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State Agency Staff Rescue Flood-Damaged Artifacts in Pembroke and Harkers Island

Raleigh

The recent heavy rains from Hurricane Florence caused the roofs of two North Carolina museums to fail, threatening two very different but equally important collections of historical artifacts. 

The Core Sound Waterfowl Museum in Harkers Island and the Indian Education Program Museum in Pembroke both experienced significant damage from the storm, leading to water damage and mold that has impacted the collections of both facilities. 

Enter the Cultural Resources Emergency Response Team, or CREST. The team of employees from the state Department of Natural and Cultural Resources, along with regional partners, is working with both museums to clean and restore hundreds of artifacts, find temporary offsite storage for the Core Sound Museum’s collection, and assist in preparing some of the Indian Education Program Museum’s printed materials for digitization.

“It’s not necessarily the first thing people think of in a disaster, but our cultural and historical treasures are also at risk following events such as floods or hurricanes,” said Natural and Cultural Resources Secretary Susi H. Hamilton. “This amazing team is trained to recover and restore artifacts of every kind after almost any type of disaster. I am so very proud of the vitally important work that they do in protecting our state’s heritage.”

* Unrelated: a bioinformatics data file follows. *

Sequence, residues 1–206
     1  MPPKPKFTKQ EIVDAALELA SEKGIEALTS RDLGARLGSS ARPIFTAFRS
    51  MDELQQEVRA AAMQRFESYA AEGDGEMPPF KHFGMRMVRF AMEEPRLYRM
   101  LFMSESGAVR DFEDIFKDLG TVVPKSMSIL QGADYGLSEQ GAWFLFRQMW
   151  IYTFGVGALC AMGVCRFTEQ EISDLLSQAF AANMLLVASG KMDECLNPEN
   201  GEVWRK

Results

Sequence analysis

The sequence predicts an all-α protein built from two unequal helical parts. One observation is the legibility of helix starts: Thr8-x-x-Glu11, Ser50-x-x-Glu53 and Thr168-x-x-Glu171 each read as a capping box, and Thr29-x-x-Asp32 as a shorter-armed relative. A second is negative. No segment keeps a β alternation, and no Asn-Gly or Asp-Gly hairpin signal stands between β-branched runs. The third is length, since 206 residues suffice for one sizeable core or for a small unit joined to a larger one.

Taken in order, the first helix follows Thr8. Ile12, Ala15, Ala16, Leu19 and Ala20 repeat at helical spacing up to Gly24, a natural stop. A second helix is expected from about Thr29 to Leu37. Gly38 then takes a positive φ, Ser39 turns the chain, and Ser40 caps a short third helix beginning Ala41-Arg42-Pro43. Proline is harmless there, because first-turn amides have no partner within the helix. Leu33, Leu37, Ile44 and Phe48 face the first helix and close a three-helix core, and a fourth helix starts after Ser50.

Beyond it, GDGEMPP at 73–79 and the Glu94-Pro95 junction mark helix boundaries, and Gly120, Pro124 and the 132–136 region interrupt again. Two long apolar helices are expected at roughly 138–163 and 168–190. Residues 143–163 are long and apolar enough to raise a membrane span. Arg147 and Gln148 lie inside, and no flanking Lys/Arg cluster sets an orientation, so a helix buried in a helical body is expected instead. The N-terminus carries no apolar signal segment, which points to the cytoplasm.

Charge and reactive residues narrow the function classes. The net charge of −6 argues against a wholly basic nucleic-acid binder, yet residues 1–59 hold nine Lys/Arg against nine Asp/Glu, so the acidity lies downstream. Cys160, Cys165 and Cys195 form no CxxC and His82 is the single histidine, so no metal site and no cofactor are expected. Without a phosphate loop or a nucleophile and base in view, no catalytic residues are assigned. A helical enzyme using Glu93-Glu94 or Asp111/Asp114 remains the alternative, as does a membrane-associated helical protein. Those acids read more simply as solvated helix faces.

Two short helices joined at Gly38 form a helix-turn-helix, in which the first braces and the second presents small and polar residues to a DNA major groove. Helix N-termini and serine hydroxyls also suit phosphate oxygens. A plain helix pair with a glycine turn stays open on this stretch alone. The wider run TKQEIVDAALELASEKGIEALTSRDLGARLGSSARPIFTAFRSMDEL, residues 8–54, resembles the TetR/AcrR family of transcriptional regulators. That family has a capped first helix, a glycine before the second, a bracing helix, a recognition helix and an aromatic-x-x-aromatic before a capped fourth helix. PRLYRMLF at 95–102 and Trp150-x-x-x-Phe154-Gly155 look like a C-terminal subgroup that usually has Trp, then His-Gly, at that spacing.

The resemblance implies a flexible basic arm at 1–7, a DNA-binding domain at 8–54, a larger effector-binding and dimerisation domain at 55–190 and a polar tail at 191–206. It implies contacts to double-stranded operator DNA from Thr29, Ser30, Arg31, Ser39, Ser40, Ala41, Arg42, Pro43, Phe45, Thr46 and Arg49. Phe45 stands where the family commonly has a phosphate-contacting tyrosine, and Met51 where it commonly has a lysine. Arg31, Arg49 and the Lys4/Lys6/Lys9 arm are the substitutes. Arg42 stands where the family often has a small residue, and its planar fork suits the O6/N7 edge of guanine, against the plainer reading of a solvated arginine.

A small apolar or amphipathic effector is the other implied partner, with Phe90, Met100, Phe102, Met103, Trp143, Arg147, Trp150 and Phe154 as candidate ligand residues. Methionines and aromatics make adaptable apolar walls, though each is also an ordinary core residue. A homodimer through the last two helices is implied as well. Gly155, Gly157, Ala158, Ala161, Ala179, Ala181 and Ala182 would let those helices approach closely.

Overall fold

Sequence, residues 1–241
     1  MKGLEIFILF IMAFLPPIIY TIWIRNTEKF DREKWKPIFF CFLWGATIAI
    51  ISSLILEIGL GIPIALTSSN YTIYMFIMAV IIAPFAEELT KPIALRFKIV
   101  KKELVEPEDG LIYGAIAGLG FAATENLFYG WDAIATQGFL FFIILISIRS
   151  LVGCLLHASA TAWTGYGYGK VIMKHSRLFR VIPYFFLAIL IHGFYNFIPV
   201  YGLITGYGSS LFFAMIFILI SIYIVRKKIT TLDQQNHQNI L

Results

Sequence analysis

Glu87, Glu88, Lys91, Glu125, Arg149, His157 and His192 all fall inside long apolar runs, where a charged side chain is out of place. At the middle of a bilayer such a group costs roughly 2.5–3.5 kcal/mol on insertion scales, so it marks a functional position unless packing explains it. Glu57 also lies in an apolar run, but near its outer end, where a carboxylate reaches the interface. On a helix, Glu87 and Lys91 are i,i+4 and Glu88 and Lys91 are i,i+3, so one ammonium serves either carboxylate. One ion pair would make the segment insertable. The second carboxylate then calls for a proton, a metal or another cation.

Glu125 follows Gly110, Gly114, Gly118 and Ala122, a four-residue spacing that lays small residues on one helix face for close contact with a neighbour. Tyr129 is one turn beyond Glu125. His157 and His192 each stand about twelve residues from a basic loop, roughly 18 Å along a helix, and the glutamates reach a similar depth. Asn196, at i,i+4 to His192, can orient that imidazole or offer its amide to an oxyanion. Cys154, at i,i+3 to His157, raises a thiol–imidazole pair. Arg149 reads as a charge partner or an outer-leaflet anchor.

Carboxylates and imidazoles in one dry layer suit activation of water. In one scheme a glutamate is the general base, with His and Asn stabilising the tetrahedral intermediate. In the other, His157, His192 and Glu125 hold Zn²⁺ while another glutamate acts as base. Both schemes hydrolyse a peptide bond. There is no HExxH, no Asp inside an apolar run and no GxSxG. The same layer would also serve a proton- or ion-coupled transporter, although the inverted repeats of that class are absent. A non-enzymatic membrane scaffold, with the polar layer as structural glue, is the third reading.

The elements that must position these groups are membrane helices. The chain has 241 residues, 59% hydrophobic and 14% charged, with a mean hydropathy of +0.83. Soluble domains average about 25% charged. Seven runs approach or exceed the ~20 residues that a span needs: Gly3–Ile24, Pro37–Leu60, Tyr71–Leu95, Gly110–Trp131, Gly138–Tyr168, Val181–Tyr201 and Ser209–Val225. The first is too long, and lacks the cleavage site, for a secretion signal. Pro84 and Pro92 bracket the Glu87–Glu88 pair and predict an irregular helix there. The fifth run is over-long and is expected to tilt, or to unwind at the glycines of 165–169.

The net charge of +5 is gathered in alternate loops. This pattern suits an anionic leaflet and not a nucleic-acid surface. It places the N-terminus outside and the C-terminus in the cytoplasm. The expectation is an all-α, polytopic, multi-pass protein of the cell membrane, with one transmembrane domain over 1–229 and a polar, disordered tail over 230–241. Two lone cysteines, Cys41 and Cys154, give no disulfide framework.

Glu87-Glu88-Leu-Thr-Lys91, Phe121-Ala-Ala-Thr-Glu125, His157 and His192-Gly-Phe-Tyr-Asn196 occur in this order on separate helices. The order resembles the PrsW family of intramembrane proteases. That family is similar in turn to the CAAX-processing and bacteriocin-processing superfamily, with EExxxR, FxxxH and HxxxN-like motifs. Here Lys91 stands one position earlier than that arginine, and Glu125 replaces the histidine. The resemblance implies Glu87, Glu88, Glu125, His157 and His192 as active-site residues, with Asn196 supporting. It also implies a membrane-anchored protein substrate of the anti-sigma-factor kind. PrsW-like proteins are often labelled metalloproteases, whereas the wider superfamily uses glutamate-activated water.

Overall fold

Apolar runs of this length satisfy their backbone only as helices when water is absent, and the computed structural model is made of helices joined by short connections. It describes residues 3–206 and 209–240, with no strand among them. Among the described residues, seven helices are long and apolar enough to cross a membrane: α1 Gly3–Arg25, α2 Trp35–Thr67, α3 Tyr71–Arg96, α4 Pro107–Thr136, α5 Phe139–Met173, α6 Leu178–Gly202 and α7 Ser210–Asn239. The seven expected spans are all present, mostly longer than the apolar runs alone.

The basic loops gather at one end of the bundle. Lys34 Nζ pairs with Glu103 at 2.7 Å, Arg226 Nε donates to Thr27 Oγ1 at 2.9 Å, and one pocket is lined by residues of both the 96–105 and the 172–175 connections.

In Pembroke, CREST welcomed the assistance of staff from the Gaston County Museum. In Harkers Island, staff from the Maritime Museum assisted CREST, along with a team of 10 volunteers. 

The CREST team is able to deploy members across the state after a disaster to assist with repair and restoration at libraries, museums and historic sites. CREST members arrive with special supplies to triage, clean and repair artifacts, and have had specialized recovery training that includes soot removal, photograph salvage, freezing techniques, and textile cleaning for temporary or long-term conservation and storage. They are one of only five such teams in the country. 

Lori Foley, administrator of FEMA’s Heritage Emergency National Task Force, recently praised North Carolina’s team: “CREST is one of only five state-based cultural heritage emergency networks, but is the only one with personnel trained and able to assist cultural institutions affected by disasters…With amazing organization and committed (and passionate!) conservation and regional support … CREST are completing multiple large salvage/triage projects with many moving parts. Their efforts in response will serve as a model for other state-based teams.”

CREST also offers training in artifact recovery to interested groups. To connect with CREST, please contact Adrienne Berney at 919-807-7418 or adrienne.berney@ncdcr.gov.

Photos from CREST’s work in Pembroke can be found on Dropbox. 

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